Sermons

Summary: As Christians, we are called to administer the grace of God in a wise manner. The message explores the scope of our assigned responsibilities.

“This is how one should regard us, as servants of Christ and stewards of the mysteries of God. Moreover, it is required of stewards that they be found faithful.” [1]

For many years, it has been my practise to preach a stewardship message at least once in each calendar month. This practise grows out of a conviction that the people of God can only benefit from instruction detailing the will of God for us, and especially when the teaching instructs God’s people in the way we are to handle the grace that God has entrusted to us.

I understand that many preachers are uncomfortable speaking about administering the grace of God entrusted to His people. The denizens of this fallen world imagine that all the preacher cares about is fleecing good people out of their hard earned dollars. Tragically, there are enough examples of charlatans to lend substance to the charge. Professing Christians are often reluctant to receive a message instructing in the grace of giving, having imbibed at the polluted wells of this fallen world.

I recall one congregation I briefly pastored in New Westminster, the congregation having passed into a dim memory in that community some years ago. I requested that the treasurer provide the congregation with a statement of receipts and disbursements. She assured me that she would provide the statement. Over the course of the next several months, I made that request again and again, each time being assured that she would soon provide the statement.

When it became apparent that she was reluctant to provide a statement of the gifts and disbursements, I asked that she provide the chairman of the deacons with that particular statement so that we could at least do some planning for the budget that would be presented at a planned congregational meeting. She exploded at that, saying quite forcefully, “It is none of your business how much money we have! When we need money, I’ll tell you and you can get it from the people.” Tragically, that woman is not an exception within the Evangelical Zion. Many church leaders are quite determined not to let the people know of the manner in which the congregation handles money.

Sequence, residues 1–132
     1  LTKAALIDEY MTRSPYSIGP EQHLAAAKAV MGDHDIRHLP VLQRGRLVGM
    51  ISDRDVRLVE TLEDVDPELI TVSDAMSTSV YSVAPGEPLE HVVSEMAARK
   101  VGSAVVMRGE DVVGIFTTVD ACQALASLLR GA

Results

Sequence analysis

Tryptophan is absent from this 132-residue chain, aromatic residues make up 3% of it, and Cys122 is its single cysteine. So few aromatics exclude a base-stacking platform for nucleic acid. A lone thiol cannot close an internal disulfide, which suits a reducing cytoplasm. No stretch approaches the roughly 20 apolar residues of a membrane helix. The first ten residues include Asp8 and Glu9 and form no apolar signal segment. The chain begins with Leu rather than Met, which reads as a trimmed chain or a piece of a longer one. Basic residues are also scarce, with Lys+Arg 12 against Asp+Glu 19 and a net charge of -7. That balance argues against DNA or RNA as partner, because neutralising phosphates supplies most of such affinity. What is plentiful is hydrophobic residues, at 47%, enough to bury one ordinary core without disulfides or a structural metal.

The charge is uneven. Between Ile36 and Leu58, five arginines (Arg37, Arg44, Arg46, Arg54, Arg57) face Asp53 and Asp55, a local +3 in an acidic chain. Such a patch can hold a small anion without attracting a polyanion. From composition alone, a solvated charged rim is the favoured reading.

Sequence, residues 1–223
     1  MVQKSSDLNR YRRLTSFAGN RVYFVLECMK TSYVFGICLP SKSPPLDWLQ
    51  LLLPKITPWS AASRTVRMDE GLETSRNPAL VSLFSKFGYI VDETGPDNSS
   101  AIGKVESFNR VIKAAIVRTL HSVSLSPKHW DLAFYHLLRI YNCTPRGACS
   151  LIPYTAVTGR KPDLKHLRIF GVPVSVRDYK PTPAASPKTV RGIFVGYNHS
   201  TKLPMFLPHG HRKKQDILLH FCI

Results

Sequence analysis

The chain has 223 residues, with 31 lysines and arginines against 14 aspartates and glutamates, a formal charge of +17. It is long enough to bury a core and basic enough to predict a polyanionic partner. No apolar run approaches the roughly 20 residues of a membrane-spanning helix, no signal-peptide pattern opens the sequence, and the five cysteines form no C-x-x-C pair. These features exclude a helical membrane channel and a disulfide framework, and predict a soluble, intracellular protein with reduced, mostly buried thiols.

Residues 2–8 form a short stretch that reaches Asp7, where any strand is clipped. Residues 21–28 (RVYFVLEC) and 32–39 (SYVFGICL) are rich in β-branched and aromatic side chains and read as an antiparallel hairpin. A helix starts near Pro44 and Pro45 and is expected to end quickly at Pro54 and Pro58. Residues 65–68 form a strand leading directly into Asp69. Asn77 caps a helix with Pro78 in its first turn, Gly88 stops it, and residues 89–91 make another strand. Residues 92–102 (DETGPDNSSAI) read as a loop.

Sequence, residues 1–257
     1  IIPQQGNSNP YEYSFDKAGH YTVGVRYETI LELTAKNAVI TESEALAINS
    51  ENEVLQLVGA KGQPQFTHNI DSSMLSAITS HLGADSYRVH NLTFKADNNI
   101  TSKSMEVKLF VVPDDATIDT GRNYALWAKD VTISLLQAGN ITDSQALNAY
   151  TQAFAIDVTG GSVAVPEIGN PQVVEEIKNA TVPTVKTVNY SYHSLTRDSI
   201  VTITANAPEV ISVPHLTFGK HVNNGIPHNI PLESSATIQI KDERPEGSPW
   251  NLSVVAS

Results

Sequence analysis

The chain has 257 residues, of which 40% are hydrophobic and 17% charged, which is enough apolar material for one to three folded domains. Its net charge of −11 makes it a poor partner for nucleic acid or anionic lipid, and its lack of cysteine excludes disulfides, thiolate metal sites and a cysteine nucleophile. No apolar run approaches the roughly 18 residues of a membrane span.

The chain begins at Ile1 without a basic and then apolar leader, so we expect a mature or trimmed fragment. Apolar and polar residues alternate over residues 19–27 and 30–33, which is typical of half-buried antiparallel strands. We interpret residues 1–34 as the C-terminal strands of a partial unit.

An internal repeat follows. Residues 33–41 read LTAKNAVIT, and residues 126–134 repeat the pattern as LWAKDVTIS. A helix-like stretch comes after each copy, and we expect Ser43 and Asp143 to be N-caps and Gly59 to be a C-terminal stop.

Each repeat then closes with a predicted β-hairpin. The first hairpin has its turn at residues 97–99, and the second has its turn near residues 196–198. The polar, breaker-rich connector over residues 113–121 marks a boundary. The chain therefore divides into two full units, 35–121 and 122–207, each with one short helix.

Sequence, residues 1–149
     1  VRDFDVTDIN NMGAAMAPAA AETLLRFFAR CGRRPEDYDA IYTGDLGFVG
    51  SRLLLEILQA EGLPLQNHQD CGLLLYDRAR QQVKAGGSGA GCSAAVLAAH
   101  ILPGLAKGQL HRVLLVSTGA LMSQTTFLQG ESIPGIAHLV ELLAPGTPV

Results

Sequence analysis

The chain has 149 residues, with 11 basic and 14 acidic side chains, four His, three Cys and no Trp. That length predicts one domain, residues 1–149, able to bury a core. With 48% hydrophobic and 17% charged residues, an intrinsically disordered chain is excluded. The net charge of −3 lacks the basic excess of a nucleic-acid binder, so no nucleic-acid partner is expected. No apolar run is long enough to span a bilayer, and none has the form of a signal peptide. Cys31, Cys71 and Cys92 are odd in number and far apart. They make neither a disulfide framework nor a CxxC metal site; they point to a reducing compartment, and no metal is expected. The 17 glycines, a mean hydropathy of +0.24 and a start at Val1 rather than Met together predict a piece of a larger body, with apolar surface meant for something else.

The first congregation I pastored in Canada was in the Lower Mainland. The treasurer I inherited was a former pastor of the congregation. I was young and didn’t have the experience I have today, or he would not have occupied such a position. After I came, week-by-week he would come to me and say, “We’re broke! No money! We can’t give you a support cheque.”

I would say, “That’s fine, Bill. God will provide for our family.” My wife and I would pray, literally claiming God’s promise to give daily bread; and God did provide. In fact, after about two years, we had a bit of a problem, and this treasurer was in the centre of the problem. I drove to North Vancouver to his home on a certain day and spoke with him. “Bill, you are divisive and combative. It is closer to North Vancouver than it is to Dallas, so you are going to remove yourself from the congregation.”

“You can’t do that,” he protested.

“Well,” I said quite firmly, “I have your letter of dismissal here in my jacket. If you wish, we will put the matter to a vote this coming Sunday and see if the congregation stands for truth or if the saints stand on emotion.”

Bill chose to leave, and within a few weeks congregational giving had trebled. We would never have known whether he was distributing the funds as the congregation desired because he had never provided an accounting of the moneys. He had supported another ministry that he had started some years before, and it is possible that he had shifted money from the church to that other ministry. What is apparent is that the people had been exceptionally generous, and likely had been generous for quite some time. However, we would have had no way to know since we had not had an accounting.

Such experiences cause Christians to be reluctant to underwrite the advance of the Faith. Moreover, when such disgraceful attitudes become known to outsiders—and our dishonourable attitudes are always exposed eventually—they perpetuate the caricature of churches as money grubbers. What is required is teaching on Christian responsibility. People are often surprised to discover that Jesus spoke frequently of the manner in which people handled wealth. The reason for this is that money is neutral; it is a tool used either to honour the Lord God or employed for purely selfish reasons. How we employ our moneys reveals our understanding of who we are and of our relationship to the Lord God.

When I speak of stewardship, the uninitiated may think it is a plea for money. Perhaps some imagine that the church needs money and the preacher must therefore plead for their money. I want to disabuse any who hear this message of such thinking. Though stewardship does extend to our moneys, the concept is far broader than that. In fact, the concept of stewardship has its genesis in the salvation Christ freely gives.

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